In 2005, the documentary "Inside Deep Throat" took a look at the movie that brought skin-flicks into the mainstream. But the film failed to probe one of "Deep Throat"'s most provocative side stories: Linda Lovelace, its star, claimed her on-screen fellatio was in fact real-life rape. A new biopic "Lovelace" will now bring her version of events to the big screen, with the help of Amanda Seyfried, Sharon Stone, James Franco as Hugh Hefner, and Demi Moore as the chic black-clad icon of second wave feminism, Gloria Steinem.
Feminist activists are rarely given the Hollywood treatment, and Demi Moore is, in some ways, an unlikely woman for the job. While Steinem spent the last almost 40 years trying to break down stereotypes about women, Moore certified herself as the ultimate bad girl stereotype, the druggie, promiscuous antidote to fellow Brat Packer Molly Ringwald. Steinem went undercover as a bunny at a Playboy Club and exposed its horrendous working conditions. Moore played a single-mom-turned-erotic-dancer in the 1996 film "Striptease." The actress then took a six-year sabbatical to be a real, full-time smalltown mom, and with her marriage to Ashton Kutcher in 2005, Moore gave the not-necessarily-good-for-womankind archetype of The Cougar a very recognizable face.
But Moore has also done her part for women. When Annie Leibovitz photographed her naked and seven-months pregnant for the August 1991 cover of Vanity Fair, Moore transformed late-term pregnancy from moo moo-shrouded frump into something one could proudly and sexily display. Because of her fierce demands for fair compensation, studio executives dubbed her "Gimme Moore," a type of slander familiar to many ambitious females. And after Moore returned to acting and eluded what is known for actresses in Hollywood as the post-40 curse, she began tweeting furiously about sex slavery, on behalf of her anti-trafficking foundation.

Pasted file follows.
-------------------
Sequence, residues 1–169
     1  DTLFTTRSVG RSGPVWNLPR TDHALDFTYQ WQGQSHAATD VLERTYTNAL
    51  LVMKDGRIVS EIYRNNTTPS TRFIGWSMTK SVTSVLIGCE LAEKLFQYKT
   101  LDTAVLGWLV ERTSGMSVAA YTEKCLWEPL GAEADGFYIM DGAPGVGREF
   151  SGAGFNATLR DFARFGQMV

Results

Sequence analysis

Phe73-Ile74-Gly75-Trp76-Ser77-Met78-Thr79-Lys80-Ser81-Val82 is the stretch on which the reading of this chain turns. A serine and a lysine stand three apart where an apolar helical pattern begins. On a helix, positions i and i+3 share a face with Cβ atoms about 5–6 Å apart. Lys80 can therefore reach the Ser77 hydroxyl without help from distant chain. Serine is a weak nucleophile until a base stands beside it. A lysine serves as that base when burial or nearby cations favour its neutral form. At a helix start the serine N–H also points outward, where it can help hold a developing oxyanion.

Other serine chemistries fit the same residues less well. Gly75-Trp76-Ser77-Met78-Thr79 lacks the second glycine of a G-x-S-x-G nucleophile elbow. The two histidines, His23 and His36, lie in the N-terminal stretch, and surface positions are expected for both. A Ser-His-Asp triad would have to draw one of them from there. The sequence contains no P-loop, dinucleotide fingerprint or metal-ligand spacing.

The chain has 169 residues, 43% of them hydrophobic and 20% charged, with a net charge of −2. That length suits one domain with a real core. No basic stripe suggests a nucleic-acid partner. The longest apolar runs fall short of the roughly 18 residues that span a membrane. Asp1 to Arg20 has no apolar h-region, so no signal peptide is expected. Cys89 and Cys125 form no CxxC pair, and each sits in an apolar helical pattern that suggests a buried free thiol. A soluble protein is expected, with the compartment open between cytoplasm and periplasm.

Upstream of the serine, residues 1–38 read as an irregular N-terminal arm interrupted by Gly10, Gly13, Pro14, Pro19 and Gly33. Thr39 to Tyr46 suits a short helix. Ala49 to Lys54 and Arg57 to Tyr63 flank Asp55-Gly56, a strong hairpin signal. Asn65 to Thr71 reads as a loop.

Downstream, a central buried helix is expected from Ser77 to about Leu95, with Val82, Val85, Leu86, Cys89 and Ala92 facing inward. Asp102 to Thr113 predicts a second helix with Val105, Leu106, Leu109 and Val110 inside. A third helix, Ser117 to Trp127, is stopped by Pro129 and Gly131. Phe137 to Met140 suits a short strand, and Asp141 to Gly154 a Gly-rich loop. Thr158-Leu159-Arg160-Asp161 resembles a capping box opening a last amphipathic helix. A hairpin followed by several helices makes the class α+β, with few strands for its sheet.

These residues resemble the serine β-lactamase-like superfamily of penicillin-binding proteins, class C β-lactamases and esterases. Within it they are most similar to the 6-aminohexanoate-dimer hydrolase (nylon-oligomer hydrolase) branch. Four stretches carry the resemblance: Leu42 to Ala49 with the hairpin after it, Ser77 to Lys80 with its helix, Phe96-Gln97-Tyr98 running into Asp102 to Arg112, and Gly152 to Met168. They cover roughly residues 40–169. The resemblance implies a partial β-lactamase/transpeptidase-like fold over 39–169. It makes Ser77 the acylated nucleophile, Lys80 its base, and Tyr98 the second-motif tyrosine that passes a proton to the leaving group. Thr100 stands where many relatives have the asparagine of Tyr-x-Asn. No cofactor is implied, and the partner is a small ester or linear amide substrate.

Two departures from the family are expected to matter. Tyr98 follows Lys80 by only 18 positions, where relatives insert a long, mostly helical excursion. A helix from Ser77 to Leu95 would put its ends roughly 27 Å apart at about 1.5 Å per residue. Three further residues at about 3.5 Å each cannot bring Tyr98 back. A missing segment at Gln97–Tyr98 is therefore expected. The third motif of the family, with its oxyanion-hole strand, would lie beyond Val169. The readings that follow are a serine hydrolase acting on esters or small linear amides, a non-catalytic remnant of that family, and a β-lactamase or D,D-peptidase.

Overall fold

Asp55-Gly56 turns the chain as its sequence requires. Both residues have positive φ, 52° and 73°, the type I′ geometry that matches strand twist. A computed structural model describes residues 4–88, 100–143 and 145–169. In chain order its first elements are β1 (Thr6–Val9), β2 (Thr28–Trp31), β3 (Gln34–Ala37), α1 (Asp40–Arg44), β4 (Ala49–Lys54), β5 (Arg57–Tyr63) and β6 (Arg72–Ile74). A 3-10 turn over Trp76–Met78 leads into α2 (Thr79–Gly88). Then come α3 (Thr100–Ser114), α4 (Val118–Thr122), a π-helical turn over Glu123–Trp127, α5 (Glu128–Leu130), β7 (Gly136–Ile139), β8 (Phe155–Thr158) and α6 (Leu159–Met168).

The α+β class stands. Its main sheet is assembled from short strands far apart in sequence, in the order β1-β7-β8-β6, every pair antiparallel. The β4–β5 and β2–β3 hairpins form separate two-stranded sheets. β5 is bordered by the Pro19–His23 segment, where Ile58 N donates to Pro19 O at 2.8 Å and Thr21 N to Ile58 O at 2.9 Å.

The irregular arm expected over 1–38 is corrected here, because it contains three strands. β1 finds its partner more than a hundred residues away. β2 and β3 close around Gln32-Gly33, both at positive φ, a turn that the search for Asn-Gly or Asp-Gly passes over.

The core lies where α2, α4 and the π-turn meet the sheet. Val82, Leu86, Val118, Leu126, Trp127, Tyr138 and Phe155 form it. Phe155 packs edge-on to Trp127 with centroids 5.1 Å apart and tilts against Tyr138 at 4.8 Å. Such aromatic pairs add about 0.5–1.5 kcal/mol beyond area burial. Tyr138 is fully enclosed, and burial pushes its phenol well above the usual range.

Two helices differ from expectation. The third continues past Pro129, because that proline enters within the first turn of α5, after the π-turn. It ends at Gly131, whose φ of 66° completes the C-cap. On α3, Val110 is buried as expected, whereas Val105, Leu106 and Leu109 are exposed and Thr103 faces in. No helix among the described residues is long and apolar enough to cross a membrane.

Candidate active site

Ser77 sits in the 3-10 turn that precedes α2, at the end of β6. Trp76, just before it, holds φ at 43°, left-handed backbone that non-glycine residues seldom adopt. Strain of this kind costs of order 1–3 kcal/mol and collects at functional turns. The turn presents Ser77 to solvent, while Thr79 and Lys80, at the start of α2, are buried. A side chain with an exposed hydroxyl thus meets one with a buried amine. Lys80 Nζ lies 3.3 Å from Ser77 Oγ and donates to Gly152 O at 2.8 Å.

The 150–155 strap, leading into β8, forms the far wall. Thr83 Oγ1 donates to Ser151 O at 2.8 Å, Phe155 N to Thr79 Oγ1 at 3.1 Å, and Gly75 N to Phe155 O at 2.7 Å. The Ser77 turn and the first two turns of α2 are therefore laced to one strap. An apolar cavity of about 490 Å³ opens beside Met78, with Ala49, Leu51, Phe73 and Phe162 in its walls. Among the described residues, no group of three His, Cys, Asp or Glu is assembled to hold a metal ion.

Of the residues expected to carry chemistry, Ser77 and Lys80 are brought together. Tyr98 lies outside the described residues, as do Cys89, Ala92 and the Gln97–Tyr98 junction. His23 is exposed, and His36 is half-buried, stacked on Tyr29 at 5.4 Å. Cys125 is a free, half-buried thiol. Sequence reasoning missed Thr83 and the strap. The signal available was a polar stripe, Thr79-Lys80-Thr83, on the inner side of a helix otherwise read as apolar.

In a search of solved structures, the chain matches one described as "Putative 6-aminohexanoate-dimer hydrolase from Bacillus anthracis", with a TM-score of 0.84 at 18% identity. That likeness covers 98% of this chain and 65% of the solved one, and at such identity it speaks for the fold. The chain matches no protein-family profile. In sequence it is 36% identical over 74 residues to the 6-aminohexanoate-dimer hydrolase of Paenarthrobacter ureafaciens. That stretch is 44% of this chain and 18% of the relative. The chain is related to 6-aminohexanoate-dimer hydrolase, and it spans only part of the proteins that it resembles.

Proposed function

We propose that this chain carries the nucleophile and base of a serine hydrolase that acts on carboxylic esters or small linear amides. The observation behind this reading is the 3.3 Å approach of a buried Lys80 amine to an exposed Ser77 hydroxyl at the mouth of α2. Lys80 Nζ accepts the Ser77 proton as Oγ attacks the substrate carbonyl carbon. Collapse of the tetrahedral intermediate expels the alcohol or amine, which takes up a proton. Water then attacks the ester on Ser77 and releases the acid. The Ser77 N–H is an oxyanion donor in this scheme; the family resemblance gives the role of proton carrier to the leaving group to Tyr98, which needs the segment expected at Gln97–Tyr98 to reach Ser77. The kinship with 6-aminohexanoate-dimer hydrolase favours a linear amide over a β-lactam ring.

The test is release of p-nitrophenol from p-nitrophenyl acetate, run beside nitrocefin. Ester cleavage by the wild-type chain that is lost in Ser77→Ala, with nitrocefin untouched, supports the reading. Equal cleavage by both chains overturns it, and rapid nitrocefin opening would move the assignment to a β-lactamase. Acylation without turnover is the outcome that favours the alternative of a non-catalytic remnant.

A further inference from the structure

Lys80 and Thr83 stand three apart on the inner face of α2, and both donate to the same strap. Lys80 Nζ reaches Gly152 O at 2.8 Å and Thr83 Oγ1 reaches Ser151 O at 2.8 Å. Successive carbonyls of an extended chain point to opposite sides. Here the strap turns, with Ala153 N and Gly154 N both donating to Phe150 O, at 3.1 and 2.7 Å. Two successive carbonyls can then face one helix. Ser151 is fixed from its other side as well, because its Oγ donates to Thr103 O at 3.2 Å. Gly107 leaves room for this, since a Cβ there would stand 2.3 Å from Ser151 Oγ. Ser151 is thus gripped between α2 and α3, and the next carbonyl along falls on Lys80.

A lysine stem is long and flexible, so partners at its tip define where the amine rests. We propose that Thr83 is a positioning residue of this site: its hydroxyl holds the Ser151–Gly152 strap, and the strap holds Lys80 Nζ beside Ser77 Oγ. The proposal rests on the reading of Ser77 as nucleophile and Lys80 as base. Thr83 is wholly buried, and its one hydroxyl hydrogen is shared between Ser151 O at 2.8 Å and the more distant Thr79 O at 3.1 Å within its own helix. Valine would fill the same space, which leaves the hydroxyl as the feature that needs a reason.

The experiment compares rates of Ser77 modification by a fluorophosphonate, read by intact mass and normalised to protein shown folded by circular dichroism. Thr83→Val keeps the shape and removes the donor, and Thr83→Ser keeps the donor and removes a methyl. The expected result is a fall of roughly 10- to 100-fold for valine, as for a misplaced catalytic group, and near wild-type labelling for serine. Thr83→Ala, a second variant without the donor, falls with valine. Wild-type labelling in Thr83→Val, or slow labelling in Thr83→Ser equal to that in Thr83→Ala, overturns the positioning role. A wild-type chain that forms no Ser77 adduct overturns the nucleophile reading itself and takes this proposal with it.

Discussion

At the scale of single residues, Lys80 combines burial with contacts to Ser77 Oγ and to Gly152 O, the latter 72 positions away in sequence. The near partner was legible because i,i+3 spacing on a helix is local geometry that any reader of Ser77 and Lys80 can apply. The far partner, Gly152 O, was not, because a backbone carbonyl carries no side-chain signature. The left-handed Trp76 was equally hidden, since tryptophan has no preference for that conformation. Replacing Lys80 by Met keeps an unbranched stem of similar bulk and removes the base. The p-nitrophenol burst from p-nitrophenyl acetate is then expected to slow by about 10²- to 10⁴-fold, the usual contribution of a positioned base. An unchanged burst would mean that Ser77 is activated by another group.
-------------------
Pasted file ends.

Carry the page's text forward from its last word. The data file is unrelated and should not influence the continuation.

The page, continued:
In many ways, Moore was a fitting choice to play the lone female in the Wall Street inner circle in 2011's "Margin Call." Hollywood may be the one climate more toxic to middle-aged women than the testosterone-heavy high rises of lower Manhattan, and Moore has survived the former with tenacity. After @MrsKutcher filed for divorce, some speculated that her brand might be the better for it. The boy candy kept her image young, but too young perhaps for some of the grittier parts now doled out to actresses at the edge of 50.
For Moore, the role of Steinem might be that part. It's not a leading role, but playing Steinem in a biopic would take a lot more energy and finesse than one likely has after a massive public humiliation. You can see how Moore could play the outward Steinem with relative ease -- always entering battle glamorous and poised and taking sensationally unpopular positions (her defense of Linda Lovelace among her most controversial).
This could be another case of Moore playing at feminism (see "G.I. Jane") or it could be the perfect role for Moore to come back into her own -- a more sophisticated version of it.